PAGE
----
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Lesson Plans


the crayon resist project

[ Thread ][ Subject ][ Author ][ Date ]
Bicyclken
Tue, 11 Aug 1998 18:00:00 EDT


Hello artsednetters,

This is a lesson plan that I have used for many years. I call it a crayon
resist because the object is to use crayon for the wax and resist it with
thinned tempera so that the paint resists the wax. This could be adapted to
many subject ideas such as stained glass windows, mosaics, stylized designs,
Tiffany lamp designs, hearldry, etc. I would present this after you have gone
over design principles and color theory so that they can use these theories in
a project. I have even done this with 2nd graders I give them some designs to
work from first but mostly Art 1 in High School.

OBJECTIVE- The student will be able to create a stylized design
(simplification) that uses crayon in a painterly method, resisted by tempra
paint to create a outline around each color. Composition, color choice and
craftsmanship will be the criteria for grading.

PROCEDURES:

1. On newsprint 12"x18" ( or 18"x24") create an outline design that captures
the essence of your subject. A stylized design is like a cartoon in as much
as the subject is recognizable but it uses the most interesting aspects of the
object and exaggerates their size and shape. This design should have a center
of interest and the background should lead your eye off the page and back on
again. Use a balance of shapes, colors and subjects that create a rhythm
through the format. A variety of size in the shapes of the subject avoids
monotony and creates a harmony throughout the composition. ( I sometimes
make them create small thumbnail sketches first by folding newsprint into
rectangles and doing quick idea sketches so that I can see what they are
thinking about and avoid major mistakes in composition.) also try different
formats, like circles, triangles and ovals.

2. Trace over your design with a thick marker (water based) so that the lines
are about 1/8" thick. Rub graphite over the back of the newsprint and
transfer the design onto good white drawing paper by tracing on both sides of
the thickend line with a ball point pen or colored pencil. This should create
a design that has a space between each shape.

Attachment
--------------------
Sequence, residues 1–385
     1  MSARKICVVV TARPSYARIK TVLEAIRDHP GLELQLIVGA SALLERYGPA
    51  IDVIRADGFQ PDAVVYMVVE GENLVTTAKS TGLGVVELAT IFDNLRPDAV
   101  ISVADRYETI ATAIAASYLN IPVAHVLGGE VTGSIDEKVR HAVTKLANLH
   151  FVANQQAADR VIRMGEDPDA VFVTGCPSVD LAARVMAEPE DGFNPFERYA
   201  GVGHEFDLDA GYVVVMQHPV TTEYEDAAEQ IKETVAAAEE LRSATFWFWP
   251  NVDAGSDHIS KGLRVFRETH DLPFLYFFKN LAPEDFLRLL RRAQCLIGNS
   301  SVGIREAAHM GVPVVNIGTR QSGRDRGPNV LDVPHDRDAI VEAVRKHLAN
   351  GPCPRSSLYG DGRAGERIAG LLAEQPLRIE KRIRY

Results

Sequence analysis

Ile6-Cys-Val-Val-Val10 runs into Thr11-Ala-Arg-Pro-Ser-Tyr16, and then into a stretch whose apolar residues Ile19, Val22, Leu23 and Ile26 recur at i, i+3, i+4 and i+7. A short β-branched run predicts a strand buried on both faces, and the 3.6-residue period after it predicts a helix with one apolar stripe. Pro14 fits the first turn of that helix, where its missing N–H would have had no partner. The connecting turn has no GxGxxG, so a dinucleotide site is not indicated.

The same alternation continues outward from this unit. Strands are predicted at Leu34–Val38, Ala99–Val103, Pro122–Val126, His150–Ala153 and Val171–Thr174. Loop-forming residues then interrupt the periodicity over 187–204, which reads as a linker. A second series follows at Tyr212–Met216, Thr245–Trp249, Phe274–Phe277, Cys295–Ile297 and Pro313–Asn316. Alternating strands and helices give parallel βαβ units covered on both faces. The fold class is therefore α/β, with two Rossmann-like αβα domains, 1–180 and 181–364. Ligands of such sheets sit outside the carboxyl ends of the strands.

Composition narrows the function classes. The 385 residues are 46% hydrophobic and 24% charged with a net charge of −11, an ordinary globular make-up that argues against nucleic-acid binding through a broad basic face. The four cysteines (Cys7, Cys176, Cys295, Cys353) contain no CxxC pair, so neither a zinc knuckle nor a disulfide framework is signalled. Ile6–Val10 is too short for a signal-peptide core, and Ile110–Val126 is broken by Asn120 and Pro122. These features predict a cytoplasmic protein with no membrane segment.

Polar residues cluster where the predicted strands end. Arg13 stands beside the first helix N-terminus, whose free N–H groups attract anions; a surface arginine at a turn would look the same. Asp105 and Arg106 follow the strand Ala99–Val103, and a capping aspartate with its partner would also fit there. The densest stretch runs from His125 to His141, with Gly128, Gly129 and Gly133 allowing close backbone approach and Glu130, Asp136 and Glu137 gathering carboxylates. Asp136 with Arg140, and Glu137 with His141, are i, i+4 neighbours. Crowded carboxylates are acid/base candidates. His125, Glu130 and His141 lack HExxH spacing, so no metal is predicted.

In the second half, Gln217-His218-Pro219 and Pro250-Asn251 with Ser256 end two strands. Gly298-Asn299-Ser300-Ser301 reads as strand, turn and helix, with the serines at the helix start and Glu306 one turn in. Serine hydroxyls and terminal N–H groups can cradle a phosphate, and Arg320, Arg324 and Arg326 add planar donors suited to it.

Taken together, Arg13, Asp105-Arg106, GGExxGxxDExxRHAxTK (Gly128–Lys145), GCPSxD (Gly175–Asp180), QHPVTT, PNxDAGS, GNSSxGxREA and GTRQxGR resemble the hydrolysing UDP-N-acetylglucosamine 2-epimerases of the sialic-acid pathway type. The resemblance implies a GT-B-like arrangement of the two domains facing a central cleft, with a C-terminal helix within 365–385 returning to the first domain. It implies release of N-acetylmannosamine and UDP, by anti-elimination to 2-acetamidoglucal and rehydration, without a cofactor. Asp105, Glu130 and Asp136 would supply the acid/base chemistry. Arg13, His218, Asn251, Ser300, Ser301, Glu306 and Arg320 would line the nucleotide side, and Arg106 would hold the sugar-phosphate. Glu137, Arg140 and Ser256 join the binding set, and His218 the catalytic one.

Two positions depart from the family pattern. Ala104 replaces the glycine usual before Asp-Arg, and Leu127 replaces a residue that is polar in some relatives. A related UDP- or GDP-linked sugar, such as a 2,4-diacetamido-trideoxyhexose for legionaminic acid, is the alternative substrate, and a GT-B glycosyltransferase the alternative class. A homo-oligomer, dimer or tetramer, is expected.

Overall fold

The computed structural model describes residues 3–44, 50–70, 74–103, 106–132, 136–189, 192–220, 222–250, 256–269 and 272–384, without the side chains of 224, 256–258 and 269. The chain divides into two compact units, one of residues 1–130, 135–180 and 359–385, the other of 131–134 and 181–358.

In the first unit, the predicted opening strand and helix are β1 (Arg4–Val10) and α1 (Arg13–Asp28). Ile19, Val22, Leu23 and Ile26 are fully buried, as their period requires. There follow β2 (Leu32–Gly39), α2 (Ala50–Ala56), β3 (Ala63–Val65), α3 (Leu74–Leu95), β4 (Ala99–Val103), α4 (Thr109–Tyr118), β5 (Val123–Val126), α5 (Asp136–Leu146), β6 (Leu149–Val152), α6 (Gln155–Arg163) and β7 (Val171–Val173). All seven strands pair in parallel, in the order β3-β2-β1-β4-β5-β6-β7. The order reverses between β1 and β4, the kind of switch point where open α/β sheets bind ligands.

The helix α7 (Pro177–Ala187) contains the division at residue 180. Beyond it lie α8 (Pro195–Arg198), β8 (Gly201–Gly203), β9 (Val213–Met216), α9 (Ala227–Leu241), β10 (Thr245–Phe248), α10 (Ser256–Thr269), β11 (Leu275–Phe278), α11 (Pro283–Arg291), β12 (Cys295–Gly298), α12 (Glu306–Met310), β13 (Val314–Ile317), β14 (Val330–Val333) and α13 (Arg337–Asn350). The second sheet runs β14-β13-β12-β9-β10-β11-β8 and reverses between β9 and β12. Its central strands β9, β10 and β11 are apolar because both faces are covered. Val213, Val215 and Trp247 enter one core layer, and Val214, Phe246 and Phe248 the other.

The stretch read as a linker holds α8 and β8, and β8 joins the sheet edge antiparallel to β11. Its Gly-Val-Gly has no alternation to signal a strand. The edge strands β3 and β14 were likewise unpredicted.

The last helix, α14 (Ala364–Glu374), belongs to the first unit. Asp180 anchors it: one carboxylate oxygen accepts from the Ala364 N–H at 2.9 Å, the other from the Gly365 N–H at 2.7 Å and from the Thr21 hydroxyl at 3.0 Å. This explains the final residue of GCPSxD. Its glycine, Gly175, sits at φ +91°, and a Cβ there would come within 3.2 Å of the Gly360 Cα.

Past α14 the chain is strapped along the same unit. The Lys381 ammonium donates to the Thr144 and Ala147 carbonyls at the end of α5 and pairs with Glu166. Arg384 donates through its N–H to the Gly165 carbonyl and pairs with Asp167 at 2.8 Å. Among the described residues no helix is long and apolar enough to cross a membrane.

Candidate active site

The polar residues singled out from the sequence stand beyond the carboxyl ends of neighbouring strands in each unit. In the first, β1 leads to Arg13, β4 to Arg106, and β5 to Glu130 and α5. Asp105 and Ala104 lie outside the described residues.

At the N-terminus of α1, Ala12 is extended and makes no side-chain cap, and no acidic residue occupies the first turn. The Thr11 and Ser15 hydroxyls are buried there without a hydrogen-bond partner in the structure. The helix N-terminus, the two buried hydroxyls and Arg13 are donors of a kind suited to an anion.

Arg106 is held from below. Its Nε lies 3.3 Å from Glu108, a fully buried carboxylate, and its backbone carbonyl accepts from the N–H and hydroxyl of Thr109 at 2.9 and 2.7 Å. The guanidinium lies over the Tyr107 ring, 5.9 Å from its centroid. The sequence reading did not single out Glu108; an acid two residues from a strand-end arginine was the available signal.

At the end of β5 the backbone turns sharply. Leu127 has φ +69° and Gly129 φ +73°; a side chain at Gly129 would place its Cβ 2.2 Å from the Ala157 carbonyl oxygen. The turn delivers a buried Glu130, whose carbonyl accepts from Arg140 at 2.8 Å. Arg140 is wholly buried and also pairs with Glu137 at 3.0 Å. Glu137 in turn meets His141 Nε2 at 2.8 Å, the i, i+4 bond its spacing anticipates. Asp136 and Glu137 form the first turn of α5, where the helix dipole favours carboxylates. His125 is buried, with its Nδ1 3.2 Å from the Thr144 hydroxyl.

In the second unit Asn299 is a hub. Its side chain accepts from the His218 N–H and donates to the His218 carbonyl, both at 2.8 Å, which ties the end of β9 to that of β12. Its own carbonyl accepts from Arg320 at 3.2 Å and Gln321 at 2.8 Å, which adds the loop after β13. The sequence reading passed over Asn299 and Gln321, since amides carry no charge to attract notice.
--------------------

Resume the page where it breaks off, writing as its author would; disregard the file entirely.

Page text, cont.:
3. With-in each shape (not the space) use MANY LAYERS of crayon by mixing new
colors, gradations between colors and even solid colors. Make sure that you
use a lot of wax, press hard and use white crayon to save the lightness of a
color but still have alot of wax. The crayon can be used like paint with large
strokes and rough blending, this is not a coloring book so be creative. Check
your edges and see that they are straight and clean.

4. After the entire project is completed with the crayon we can make the
resist.
In a small mixing tray mix three parts BLACK tempera and one part water ( or
there abouts, I use my eyes to judge the thickness) so that the tempera will
cover but not be so thick as to stay on the wax. If it is too thin you will
see the paper through the paint.

5. Apply the tempera with a soft round brush (#10 or #12) so that the paint
goes into and slightly over the spaces left between the crayon shapes. This
should be light and quick so that it won't cover up the crayon. Just go over
the spaces and it should bounce off the crayon and stay in the areas that
where left blank. The black paint accentuates the colors of the crayon giving
it more life and contrast.

6. After it dries you can scrape off areas that where too thick or if you went
too far.
DON'T EVER WIPE IT OR TOWEL IT WHILE ITS WET or else it will smear and look
terrible with out any way to correct it. You can spray it with a Crystal
Clear (Krylon) fixative to seal the colors and the paint.

This can take a couple of weeks and they can look very sophisicated. The idea
of using crayons as an art tool other than what they were used to in grade
school is great for high schoolers. This can lead into using craypas and oil
pastels.

I hope this is enough, if you have questions I will be happy to answer them.
I use a lot of slides of student work with this, to get them fired up about
it. I wish I could share these slides so that you could see the results.
Just try it yourself and you will adapt it to your own style.

Ken Schwab
Leigh High School
San Jose, CA